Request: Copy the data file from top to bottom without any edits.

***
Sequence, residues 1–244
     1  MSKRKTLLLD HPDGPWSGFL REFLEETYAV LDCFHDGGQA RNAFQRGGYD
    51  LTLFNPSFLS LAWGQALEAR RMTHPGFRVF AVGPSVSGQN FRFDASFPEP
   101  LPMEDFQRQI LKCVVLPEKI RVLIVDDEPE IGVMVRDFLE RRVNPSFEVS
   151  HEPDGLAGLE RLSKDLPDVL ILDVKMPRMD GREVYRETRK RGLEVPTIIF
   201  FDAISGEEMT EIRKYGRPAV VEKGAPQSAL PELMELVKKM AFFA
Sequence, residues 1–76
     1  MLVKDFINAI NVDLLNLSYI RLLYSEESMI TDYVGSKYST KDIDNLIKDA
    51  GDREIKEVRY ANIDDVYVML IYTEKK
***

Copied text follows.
Sequence, residues 1–244
     1  MSKRKTLLLD HPDGPWSGFL REFLEETYAV LDCFHDGGQA RNAFQRGGYD
    51  LTLFNPSFLS LAWGQALEAR RMTHPGFRVF AVGPSVSGQN FRFDASFPEP
   101  LPMEDFQRQI LKCVVLPEKI RVLIVDDEPE IGVMVRDFLE RRVNPSFEVS
   151  HEPDGLAGLE RLSKDLPDVL ILDVKMPRMD GREVYRETRK RGLEVPTIIF
   201  FDAISGEEMT EIRKYGRPAV VEKGAPQSAL PELMELVKKM AFFA
Sequence, residues 1–76
     1  MLVKDFINAI NVDLLNLSYI RLLYSEESMI TDYVGSKYST KDIDNLIKDA
    51  GDREIKEVRY ANIDDVYVML IYTEKK